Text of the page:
Vol III: Clarifying Expectations

clarity

If you are following this blog then you know that so far we have discussed the importance of defining and communicating our “True North”, and we have examined the employee experience by asking 6 important questions. Let’s look at the first of those questions:

Do employees have clear expectations of what you want from them?

Do your employees know:

  • how to deliver the customer experience you envision?
  • what you want them to say?
  • how you want them to act?

Here’s an example:

There is a clothing store I frequent and when I enter the store a sales associate welcomes me. Sounds great, right? However, during most of my experiences there, the sales associate is somewhere stocking or folding and maybe even behind a display. So, when I walk in and hear someone welcome me and I can’t see that person, I feel confused instead of warmly greeted.

It may sound insignificant to include a training detail like: “when greeting, be someplace where the customer can see you”, but the sales associate is probably being told that their priority is to keep the displays neat and folded. Ultimately the sales associate is attempting to greet every customer, but are they doing it so that your business is getting the impact, or experience you were hoping for?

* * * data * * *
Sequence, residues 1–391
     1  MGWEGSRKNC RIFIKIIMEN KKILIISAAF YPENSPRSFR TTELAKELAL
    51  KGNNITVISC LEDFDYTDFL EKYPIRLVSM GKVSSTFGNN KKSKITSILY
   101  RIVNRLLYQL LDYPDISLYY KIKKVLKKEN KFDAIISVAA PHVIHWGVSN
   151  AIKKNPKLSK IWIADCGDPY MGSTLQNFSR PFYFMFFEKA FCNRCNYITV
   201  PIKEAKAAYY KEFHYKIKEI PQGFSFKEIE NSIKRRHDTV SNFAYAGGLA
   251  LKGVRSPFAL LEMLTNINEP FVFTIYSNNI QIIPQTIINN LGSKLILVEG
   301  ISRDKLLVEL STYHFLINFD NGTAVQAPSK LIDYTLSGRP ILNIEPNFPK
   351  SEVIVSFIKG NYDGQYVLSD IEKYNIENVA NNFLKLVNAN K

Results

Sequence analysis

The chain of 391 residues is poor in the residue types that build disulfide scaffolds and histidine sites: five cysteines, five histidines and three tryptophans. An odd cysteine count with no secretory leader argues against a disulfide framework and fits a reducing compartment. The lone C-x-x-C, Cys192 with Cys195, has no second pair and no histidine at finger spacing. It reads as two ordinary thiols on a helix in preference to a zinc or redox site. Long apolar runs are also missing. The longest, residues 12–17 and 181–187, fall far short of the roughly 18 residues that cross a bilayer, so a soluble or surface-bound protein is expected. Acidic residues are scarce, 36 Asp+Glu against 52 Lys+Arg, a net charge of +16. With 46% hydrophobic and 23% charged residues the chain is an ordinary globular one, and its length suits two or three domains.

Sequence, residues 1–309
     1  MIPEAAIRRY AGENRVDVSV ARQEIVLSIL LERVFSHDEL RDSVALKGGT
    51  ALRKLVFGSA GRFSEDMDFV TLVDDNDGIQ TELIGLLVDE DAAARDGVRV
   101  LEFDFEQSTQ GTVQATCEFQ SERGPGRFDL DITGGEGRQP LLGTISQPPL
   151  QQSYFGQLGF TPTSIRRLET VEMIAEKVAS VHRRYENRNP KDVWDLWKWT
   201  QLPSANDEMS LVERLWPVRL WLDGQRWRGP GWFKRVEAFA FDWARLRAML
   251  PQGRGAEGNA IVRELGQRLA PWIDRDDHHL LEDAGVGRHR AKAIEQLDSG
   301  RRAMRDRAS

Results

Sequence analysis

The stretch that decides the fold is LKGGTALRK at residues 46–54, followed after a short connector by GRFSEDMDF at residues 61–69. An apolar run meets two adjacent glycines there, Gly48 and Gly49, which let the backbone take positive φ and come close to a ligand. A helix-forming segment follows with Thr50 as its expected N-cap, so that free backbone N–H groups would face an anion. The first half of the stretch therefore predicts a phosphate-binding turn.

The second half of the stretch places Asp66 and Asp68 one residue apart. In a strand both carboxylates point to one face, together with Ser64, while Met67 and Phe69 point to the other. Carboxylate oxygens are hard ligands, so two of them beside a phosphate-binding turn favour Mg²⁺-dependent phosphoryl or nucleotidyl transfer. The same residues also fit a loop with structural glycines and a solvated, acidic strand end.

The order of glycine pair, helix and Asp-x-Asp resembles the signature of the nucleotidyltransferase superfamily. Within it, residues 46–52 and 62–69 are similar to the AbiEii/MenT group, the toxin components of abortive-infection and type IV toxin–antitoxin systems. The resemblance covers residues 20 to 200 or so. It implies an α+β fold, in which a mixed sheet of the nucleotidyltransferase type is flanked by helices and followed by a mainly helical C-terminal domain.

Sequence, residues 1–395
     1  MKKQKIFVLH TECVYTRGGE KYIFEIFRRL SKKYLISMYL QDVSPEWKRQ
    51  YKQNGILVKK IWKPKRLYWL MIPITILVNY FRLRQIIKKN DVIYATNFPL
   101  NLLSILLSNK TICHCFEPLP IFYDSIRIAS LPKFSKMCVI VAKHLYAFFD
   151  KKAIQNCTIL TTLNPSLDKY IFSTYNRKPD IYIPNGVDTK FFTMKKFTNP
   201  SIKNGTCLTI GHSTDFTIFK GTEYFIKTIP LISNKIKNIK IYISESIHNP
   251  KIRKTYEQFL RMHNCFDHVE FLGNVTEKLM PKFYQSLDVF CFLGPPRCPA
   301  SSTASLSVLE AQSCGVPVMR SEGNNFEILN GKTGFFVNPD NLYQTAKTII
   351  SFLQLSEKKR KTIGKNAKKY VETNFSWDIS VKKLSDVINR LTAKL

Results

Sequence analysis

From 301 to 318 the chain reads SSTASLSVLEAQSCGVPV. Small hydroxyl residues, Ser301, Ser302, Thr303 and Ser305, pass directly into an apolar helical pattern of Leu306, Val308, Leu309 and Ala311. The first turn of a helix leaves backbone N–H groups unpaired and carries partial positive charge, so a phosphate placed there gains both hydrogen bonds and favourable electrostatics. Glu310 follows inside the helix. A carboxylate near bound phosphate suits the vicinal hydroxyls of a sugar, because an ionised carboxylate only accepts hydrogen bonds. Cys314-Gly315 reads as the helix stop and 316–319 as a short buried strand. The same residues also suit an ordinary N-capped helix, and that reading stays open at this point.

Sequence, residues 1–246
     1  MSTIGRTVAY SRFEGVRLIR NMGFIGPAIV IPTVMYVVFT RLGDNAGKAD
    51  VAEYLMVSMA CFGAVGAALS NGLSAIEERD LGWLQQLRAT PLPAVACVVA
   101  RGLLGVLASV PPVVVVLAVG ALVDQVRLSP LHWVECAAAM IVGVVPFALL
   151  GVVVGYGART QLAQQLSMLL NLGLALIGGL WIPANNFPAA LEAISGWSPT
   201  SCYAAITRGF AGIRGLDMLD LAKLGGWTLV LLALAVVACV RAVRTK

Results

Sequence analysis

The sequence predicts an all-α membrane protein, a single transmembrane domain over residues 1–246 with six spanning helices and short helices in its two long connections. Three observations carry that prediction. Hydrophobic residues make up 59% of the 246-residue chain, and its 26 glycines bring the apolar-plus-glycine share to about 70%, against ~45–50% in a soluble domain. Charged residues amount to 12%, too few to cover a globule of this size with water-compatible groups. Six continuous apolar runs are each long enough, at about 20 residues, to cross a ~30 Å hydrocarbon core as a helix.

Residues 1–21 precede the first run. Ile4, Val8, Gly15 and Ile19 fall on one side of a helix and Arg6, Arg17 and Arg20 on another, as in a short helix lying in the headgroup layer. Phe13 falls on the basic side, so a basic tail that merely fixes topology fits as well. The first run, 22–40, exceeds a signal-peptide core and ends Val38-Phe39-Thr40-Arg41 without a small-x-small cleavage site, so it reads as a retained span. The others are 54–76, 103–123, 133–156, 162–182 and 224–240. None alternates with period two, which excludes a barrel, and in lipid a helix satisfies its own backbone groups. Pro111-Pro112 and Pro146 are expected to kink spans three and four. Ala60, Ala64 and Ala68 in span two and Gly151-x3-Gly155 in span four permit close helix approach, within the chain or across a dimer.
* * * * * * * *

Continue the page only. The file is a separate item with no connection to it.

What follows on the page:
We often expect everyone on the team to “get it” but the truth is only some people have the natural ability to make others feel valued and important. For the rest, we have to be very clear on what that looks, sounds, and feels like.

Take a moment to review this list of face-to-face behaviors and take the time to determine if you have clearly defined these for your team:

  • Initial greeting –
    • What does “welcome” sound like? Formal or casual? Is it scripted or can the employee ad-lib?
    • How close should they be when they make eye contact? 10 feet away, 5 feet away, as soon as the customer enters the establishment, etc.
    • Is there anything else necessary to convey the experience you want your customers to have? Body language, facial expression, tone of voice?
  • Initial Interactions
    • What do you want to communicate in the first contact? Specific information or just the general culture?
    • Should the employee initiate the communication, or start by listening and responding appropriately
  • Customer Satisfaction
    • Do your employees know what they are empowered to do for a customer?
    • If a customer has a specific request beyond what the employee is empowered to do, how should they handle it?

Take the time to define these behaviors for your employees and you can save yourself the coaching and correcting and the business will benefit from the clarification.

What are your thoughts… please join the conversation.

 

 

One thought on “Vol III: Clarifying Expectations

  1. Pingback: Vol X: Accountability | alyse ellman hospitality

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